My Photo

Welcome to Mannionville

  • Politics, art, movies, television, books, parenting, home repair, caffeine addiction---you name it, we blog it. Since 2004. Call for free estimate.

The Tip Jar

  • Please help keep this blog running strong with your donation

Help Save the Post Office: My snail mail address

  • Lance Mannion
    109 Third St.
    Wallkill, NY 12589

Save a Blogger From Begging...Buy Stuff

The one, the only

Sister Site

« San Francisco Bookends | Main | Take up the Neo-con's Burden »


Feed You can follow this conversation by subscribing to the comment feed for this post.


I predict you're going to get smacked around by the multi-culturalists here. Good luck.

Shakespeare's Sister

You are such a huge nerd.

(Which I trust will be acknowledged as the compliment it is intended to be.)


BTW: Violating the PD was the primary driver in that episode where Kirk has to decide whether or not to save a Depression Era social worker (played by Joan Collins) in The City on the Edge of Forever. If he saves her from getting crushed by a car, "she will start an effective pacifist movement that will delay the United States' entrance into World War II, thus allowing Hitler's Germany to develop the atomic bomb first and conquer the planet."


Rox, you're probably right. Maybe I can distract them with a discussion of cliterectomies and the sex slave trade. If not, I'm doomed. It was nice blogging with you.


Oh yeah, that was a great one! I have to watch it again. Haven't seen it in a long time.


The Prime Directive seems to have run something like this: "Don't interfere in pre-warp-drive cultures, unless they give you an excuse." Typically, the crew would run into a planet where some AI (usually disguised as a god) ran the society and everyone blindly obeyed the god, and when a redshirt died Kirk would have his Gulf of Tonkin rationale for completely tearing down their political and social structure and giving them a short paragraph about How To Live before warping off to the next planet, never to return (and never to find out how badly he'd fucked up their lives). About the only time that this sort of thing was shown to be bad was in "Patterns of Force", in which another Federation citizen (not Kirk, oh no) tried to introduce a good version of Nazism to another planet, with predictable results. (This episode is infamous for the scene in which Kirk and Spock are stripped to the waist and flogged, which singlehandedly launched the slash fic genre.)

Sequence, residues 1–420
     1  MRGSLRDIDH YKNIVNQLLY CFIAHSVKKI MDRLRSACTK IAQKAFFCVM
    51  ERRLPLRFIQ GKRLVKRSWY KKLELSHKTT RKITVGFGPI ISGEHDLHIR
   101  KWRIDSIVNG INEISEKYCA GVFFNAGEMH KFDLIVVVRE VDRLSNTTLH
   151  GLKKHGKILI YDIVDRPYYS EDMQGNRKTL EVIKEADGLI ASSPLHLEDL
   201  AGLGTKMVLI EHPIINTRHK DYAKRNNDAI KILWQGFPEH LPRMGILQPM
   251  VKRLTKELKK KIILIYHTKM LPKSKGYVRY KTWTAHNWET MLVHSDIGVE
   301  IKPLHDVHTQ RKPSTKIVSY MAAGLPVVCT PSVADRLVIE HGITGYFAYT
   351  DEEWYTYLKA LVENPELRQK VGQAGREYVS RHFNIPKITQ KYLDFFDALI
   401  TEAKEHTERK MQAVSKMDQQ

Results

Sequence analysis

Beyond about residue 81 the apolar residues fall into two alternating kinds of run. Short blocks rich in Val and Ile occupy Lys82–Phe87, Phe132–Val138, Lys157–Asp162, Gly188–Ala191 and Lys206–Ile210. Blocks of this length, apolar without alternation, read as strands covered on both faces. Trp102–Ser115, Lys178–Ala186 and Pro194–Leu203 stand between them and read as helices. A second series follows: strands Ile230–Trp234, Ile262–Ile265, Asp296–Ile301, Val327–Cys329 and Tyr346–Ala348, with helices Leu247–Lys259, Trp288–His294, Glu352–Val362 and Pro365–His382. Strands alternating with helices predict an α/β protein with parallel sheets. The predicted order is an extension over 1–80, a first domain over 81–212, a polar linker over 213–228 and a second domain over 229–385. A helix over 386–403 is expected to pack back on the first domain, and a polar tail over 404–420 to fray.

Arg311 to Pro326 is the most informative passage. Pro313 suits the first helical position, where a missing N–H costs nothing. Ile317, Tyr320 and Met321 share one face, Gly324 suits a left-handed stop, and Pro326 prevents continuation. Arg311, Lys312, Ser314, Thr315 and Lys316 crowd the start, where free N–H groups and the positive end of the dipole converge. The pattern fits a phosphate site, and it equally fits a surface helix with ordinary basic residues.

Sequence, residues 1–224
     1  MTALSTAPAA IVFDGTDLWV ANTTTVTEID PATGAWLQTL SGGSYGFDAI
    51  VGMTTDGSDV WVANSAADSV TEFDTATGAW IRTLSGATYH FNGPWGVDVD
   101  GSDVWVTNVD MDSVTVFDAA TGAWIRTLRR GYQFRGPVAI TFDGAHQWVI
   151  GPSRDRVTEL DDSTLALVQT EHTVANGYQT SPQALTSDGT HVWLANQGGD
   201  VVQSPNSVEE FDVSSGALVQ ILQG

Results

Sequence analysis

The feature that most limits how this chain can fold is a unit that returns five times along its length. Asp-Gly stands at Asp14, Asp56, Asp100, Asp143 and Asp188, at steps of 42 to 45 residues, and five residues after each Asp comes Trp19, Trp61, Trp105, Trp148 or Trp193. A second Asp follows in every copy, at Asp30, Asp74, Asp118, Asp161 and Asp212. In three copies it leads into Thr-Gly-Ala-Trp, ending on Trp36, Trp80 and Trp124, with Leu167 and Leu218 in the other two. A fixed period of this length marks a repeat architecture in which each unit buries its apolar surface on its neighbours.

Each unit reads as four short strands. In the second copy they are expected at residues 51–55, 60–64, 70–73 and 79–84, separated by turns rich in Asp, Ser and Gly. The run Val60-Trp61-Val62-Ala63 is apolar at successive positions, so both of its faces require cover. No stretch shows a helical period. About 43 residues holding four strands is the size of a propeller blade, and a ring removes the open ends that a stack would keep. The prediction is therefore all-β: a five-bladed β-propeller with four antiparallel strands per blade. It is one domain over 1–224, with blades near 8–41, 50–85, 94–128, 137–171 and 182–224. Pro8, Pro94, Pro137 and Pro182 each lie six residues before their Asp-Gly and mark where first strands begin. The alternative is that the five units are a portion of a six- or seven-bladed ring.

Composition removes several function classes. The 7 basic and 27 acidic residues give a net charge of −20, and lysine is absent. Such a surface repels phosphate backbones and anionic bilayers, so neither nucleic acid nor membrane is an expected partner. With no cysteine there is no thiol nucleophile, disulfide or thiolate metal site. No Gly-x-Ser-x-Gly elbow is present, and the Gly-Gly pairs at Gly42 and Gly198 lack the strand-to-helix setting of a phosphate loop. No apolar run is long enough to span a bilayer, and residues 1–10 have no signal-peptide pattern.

I could care less about "Star Trek," but your defense of civilized liberals really struck a chord.

"You can't bring civilization to the natives by being uncivilized" pretty much sums it all up. Alexander Cockburn over at Counterpunch has been publishing a diary of his lecture tour in India which is a longer version of the same sentiment.

I love going to Mexico, speaking my crappy Spanish fluently, and what I've noticed over the years is that their culture is so much older, richer and more "human" than most of the United States. The best interactions between the two cultures tend to be personal rather than organized, such as the American hipster types helping create internet sites for local businesses just because they like them.


Tom, we have Patterns of Force rising up to the top of our queue at NetFlix. But I forgot about the flogging scene. Now you've got me re-thinking whether or not I'll show it to the kids.

Your summing up of the show's attitude toward the PD is dead on, and funny.

That habit of Kirk's of flying off into the sunset never to come back and see how things he messed with turned out comes back to haunt him in Wrath of Khan, though.

Agi T. Prop

You are such a huge nerd. -- Shakespeare's Sister

Count me in too. I've actually attended a Star Trek convention (but I didn't go that far to actually dress up as one of the characters). It must have been about twelve years ago at the height of Next Generation. I was a teen back then and was very excited to see Patrick Stewart speak.

Excellent analysis Lance. I've always pondered the political symbolism behind Star Trek. But I grew up with Next Generation so I'm not familiar with the original series, although I've seen all the Kirk films.

It seems to me that Kirk was always more willing to break the rules than was Picard.


an interesting read,lance,but i remember
that episode quite differently.
every step of the plot made it seem
that kirk HAD to escalate. sympathized,
didn't feel good, sure, but was basically
in lock-step with any of jedgar hoover's
1960s speeches -communism is a virus that
must be fought unquestioningly,24/7, to
hesitate is to falter, is a weakness our